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Vodafone found guilty of misleading conduct over FibreX service

Christian Fernsby |
Vodafone NZ Limited has been found guilty of engaging in conduct that was liable to mislead consumers in relation to its FibreX branded broadband service.

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Topics: VODAFONE   

In a case brought by the Commerce Commission and heard last year, the Auckland District Court ruled on Friday that Vodafone was guilty of nine charges under section 11 of the Fair Trading Act. These related to conduct in Wellington, Kapiti and Christchurch where its FibreX branded service was offered, between 26 October 2016 and 28 March 2018.

Judge Sinclair found Vodafone’s branding and advertising was liable to mislead consumers into thinking that the FibreX branded service was delivered over a fibre-to-the-home network (like those services delivered over the Government-subsidised Ultra-Fast Broadband (UFB) networks), when it was not.

It did this by naming its broadband service “FibreX” and advertising on billboards, radio, in-store, online and in direct marketing, using phrases such as “FibreX is here” or “FibreX has arrived” and beams of light as a background to its visuals.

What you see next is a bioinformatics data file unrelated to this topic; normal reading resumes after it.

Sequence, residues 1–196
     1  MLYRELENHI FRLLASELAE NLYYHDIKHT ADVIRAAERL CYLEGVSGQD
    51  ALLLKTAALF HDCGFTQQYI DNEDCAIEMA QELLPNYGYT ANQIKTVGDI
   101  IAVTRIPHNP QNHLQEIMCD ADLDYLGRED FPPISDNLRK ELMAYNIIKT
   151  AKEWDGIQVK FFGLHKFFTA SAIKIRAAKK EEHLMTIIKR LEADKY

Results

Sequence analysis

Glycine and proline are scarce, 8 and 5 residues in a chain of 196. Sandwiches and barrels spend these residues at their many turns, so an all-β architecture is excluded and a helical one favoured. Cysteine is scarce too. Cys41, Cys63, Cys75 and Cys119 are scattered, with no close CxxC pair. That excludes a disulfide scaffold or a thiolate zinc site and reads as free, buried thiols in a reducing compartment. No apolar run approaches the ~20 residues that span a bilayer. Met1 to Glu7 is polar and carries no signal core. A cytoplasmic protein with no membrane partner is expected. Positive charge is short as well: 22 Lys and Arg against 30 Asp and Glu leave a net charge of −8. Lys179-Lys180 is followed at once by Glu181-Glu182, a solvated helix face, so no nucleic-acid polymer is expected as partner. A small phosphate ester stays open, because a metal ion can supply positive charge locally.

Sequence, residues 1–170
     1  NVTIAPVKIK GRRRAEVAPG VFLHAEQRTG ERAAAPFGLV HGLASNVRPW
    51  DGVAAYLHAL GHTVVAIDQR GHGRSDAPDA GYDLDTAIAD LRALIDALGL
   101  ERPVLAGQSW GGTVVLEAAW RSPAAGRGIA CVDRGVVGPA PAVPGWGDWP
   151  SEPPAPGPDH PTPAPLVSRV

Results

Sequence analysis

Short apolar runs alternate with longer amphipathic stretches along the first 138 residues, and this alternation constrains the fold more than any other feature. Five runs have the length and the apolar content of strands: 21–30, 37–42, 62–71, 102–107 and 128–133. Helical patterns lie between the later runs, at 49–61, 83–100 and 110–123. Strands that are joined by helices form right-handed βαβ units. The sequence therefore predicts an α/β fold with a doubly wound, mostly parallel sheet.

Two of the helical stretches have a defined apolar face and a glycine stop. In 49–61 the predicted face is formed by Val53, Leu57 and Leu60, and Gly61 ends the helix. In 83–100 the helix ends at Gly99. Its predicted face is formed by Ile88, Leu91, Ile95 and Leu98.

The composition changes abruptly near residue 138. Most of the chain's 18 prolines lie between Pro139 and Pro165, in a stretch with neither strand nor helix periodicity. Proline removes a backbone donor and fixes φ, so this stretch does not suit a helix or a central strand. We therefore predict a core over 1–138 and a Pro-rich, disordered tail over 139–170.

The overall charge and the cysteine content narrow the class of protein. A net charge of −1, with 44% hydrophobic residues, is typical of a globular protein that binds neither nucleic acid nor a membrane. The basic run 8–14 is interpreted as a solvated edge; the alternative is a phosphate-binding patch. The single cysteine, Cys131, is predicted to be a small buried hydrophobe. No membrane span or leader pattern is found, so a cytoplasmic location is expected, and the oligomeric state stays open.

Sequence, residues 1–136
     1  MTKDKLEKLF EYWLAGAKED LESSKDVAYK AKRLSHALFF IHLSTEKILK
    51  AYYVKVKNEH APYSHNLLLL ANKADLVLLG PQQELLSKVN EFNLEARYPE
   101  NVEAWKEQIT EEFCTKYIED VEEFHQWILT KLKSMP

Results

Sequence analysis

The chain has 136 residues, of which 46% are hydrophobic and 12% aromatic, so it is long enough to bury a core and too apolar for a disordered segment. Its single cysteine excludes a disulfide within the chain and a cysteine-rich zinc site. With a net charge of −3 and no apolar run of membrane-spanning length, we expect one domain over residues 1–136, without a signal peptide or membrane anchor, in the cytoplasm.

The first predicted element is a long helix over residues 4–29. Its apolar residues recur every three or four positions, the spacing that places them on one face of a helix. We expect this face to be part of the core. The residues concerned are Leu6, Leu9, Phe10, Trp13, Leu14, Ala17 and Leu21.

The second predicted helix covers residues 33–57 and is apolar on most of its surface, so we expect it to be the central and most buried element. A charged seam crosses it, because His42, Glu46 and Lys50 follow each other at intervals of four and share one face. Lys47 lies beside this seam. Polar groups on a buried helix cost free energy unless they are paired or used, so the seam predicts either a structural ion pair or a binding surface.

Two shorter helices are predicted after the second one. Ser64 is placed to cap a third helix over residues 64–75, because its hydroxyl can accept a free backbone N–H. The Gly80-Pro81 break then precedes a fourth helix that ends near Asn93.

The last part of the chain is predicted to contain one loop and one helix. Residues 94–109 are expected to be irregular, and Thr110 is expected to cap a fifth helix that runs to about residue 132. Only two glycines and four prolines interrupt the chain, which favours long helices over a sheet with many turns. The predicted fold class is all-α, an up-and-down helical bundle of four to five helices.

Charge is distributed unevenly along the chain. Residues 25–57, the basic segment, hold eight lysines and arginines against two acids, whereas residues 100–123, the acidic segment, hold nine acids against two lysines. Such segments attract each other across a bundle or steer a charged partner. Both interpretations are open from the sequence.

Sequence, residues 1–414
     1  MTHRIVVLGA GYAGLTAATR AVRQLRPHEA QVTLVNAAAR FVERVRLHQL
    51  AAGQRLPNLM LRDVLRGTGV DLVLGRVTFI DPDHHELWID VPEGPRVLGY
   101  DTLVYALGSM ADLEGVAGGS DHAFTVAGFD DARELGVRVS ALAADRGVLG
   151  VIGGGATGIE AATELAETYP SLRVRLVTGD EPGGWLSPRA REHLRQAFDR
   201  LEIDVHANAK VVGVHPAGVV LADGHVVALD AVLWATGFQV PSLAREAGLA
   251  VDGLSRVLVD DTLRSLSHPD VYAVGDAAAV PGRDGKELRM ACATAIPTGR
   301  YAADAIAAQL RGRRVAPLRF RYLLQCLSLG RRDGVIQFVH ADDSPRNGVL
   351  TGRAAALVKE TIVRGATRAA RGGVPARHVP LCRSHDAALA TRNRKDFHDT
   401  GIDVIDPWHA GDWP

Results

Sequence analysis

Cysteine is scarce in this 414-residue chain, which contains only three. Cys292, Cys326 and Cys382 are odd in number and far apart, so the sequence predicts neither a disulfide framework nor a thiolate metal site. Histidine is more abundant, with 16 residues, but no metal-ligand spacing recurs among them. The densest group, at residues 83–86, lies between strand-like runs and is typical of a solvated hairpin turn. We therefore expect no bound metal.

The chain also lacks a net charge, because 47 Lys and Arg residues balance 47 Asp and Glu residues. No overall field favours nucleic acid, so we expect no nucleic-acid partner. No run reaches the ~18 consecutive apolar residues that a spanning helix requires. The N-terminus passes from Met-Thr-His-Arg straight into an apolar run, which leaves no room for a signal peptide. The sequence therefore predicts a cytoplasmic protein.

In fact the advertised network uses fibre optic cable to a street cabinet and coaxial copper cable from there to the home and is referred to as a “hybrid fibre-coaxial” network.

The Commerce Commission argued that the word “fibre” is a generic description of the service “fibre to the home”, where there is an end-to-end fibre connection, and that this was the meaning established in the minds of some consumers in Wellington, Kapiti and Christchurch by the time of Vodafone’s FibreX campaign in October 2016.

Judge Sinclair agreed that fixed line broadband networks are identified in telecommunications markets by the technology used for the last mile to the home/premise, and that in the case of the UFB networks, that is fibre optic cable. She rejected Vodafone’s argument that consumers would understand that FibreX was a “fibre like” network delivering superfast reliable broadband but not pure fibre, due to the ‘X’ in its name.

Commerce Commission Chair Anna Rawlings said this case reinforces the importance of clear marketing to consumers, including in the name of a product.

Vodafone is due to be sentenced later this year.

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